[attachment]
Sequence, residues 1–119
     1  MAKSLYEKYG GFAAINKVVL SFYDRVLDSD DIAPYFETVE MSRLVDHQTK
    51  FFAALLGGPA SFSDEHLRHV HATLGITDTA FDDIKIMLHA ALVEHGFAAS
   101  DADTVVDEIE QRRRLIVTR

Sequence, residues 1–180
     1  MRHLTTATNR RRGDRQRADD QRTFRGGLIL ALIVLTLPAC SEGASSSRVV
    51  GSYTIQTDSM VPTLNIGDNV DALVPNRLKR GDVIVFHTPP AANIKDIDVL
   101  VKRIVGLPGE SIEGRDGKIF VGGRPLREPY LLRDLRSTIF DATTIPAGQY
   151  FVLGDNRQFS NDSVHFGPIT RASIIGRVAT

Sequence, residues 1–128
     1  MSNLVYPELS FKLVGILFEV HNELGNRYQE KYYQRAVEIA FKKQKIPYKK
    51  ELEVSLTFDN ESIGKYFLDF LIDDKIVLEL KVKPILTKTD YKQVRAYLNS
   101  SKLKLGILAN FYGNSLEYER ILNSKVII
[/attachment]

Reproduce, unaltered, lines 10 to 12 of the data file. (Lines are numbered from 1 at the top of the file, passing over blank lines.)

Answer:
Sequence, residues 1–128
     1  MSNLVYPELS FKLVGILFEV HNELGNRYQE KYYQRAVEIA FKKQKIPYKK
    51  ELEVSLTFDN ESIGKYFLDF LIDDKIVLEL KVKPILTKTD YKQVRAYLNS